It was only in the 1880s that artists recognised the artistic possibilities of posters and their visual impact on people on the street. The movement began in Paris with posters created by artists like Toulouse-Lautrec and Jules Chéret before spreading throughout Europe … bypassing Switzerland at the time! Hence Swiss creators often worked abroad, artists such as Théophile Alexandre Steinlen and Eugène Grasset, two famous art nouveau artists in Paris. Little by little, posters evolved from the initial informative, typographic written page to an art form recognised as such. This new aesthetic was inspired by the Art nouveau movement with its writhing plant forms and curved lines and Japanese prints which were quite in vogue at that time. It was characterised by flat representations with little depth, vivid and numerous colours as well as simple forms with blackened contours. These posters had to be observed at a distance rather than close-by and, consequently there was no need to stop to have a look at them. The modern poster was born!
Swiss posters are recognised worldwide for the excellence of their graphic design. From the Swiss travel posters of the early twentieth century to the Sachplakat or Object poster, from the Art Concret or the International Style, Swiss posters have had great international influence on this art form.
The history of this information medium posted in public places dates back many hundred years. But the poster, the printed sheet of paper on public display was born with the printing industry in the 15th century while the modern poster first appeared in the 19th century.
The modern poster characterised by simple colourful motifs printed on large size paper is a direct by-product of both: the invention of lithography and the industrial revolution.
For centuries, the poster was essentially informative in nature; it was the only information medium, which could be used to inform the masses and it is the reason why governments used them as means to maintain their authority. During the 19th century unprecedented economic and urban development brought about the massive production of posters. Numerous businesses, industries, theatres and circuses were created and turned to posters to publicize their activities, to sell their merchandise or to attract visitors. To attract the public’s attention, creators constantly strived to stand out by changing typographic fonts and by trying out inventive designs although it was the introduction of illustrations that truly increased their impact as publicity tools.
The first illustrations were representations reminiscent of popular imagery and book illustrations. The pictures, rich in details had to be closely examined and the text still dominated the page. Sponsors soon realised that by adding a motif they were able to capture the attention of passers-by who stopped to look at the poster and absorbed its content at the same time. Thus the evolution of the poster had started from an essentially written content to a pictorial medium. The use of colour lithography further accelerated this process.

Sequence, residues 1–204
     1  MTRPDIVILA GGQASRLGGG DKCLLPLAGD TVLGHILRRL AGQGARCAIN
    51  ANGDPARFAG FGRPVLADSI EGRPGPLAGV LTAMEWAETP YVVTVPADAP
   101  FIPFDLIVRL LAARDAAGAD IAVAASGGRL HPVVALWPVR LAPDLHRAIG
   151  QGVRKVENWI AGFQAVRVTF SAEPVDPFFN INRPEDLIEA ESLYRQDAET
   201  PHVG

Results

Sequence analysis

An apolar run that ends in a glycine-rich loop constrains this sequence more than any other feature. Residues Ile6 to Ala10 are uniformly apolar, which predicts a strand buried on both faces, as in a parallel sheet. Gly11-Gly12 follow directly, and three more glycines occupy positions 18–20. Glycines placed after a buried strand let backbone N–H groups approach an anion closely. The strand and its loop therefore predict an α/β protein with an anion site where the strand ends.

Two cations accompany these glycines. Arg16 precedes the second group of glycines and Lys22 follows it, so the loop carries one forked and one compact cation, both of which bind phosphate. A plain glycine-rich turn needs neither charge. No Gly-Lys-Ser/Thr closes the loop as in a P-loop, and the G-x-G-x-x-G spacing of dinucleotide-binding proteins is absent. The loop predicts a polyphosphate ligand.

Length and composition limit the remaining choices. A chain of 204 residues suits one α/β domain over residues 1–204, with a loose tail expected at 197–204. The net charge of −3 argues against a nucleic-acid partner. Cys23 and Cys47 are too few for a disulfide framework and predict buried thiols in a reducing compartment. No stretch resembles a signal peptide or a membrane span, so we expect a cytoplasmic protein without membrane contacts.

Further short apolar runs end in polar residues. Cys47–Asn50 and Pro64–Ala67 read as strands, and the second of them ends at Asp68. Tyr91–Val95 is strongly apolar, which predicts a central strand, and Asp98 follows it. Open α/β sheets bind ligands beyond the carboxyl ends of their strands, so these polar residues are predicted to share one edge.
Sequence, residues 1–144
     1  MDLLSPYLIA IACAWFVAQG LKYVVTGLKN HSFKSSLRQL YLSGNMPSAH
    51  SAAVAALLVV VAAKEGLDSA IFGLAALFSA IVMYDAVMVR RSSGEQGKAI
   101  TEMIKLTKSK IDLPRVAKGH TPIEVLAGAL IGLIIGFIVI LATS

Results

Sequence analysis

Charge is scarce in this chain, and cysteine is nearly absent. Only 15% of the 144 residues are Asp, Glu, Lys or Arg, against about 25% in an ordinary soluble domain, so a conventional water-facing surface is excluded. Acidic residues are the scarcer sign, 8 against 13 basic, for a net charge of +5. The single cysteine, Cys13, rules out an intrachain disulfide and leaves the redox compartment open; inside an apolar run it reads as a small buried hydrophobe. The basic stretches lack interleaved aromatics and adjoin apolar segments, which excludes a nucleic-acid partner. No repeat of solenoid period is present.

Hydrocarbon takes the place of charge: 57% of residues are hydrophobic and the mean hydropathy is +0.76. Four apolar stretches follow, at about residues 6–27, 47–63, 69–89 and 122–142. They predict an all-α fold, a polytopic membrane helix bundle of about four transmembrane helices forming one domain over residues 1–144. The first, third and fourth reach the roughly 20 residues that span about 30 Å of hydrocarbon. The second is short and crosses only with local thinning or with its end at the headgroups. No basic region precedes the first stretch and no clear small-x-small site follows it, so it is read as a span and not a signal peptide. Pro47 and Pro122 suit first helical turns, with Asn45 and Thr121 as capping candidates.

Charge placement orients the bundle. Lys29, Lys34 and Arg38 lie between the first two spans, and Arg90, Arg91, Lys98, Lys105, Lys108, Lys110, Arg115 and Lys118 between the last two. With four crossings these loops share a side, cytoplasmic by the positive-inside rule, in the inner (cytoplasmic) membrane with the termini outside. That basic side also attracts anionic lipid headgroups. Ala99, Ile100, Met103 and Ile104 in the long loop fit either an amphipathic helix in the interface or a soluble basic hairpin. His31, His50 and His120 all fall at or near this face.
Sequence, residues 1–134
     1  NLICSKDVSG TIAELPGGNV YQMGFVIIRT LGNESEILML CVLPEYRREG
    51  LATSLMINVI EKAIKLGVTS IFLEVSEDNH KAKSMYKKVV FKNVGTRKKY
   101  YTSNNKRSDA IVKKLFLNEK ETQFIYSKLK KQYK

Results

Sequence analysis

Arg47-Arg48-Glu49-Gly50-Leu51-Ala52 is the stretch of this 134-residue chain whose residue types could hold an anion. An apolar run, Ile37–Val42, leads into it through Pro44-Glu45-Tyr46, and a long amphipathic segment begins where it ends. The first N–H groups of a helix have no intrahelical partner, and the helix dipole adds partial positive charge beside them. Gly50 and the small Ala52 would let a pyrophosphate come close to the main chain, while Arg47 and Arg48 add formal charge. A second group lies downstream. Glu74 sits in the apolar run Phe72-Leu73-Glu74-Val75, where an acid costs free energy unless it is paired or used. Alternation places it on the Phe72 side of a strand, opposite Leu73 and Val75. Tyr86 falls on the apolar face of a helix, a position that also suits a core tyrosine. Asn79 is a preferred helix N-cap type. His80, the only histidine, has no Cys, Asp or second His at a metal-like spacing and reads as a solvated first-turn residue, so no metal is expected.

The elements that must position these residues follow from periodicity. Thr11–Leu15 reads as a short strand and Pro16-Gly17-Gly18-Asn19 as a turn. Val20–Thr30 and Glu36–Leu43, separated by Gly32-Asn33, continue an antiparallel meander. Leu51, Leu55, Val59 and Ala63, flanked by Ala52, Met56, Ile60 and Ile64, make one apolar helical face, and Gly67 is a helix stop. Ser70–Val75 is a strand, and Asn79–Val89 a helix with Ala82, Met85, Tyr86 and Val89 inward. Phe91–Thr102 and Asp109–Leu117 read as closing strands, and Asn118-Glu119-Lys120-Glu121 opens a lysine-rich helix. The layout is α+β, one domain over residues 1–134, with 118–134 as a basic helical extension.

Lithography is a process based on the chemical repellence of oil and water. It was invented in 1798 by Alois Senefelder in Bavaria. This technique allows drawing directly on a piece of limestone with a pencil or greasy ink and then rinsing it with water. Oily ink, applied with a roller, adheres only to the drawing and is repelled by the wet parts of the stone. The print is then made by pressing paper against the inked drawing. This process, which can be repeated indefinitely, has totally modified the artist’s relationship to his work. There is no need to call upon a specialised engraver to engrave the initial creation onto wood or metal. The use of limestone in the poster printing process allows the same flexibility and detail one has when drawing directly on paper while fulfilling the requirements of cost reduction, handling and surface. Given these reasons, this new flat printing process quickly spread throughout Europe and has constantly evolved since then.
At first, artists shied away from posters because they were too closely linked to commercial publicity. Subservient to the demands of sponsors, the commercial poster left very little space for creativity. When artists did create posters they often preferred not to sign them. Other artists like Ferdinand Hodler, managed to make a living from their art and therefore preferred to ignore this process, which was deemed rather demeaning. They usually only created posters to publicize their own exhibits.
Last modification 18.11.2010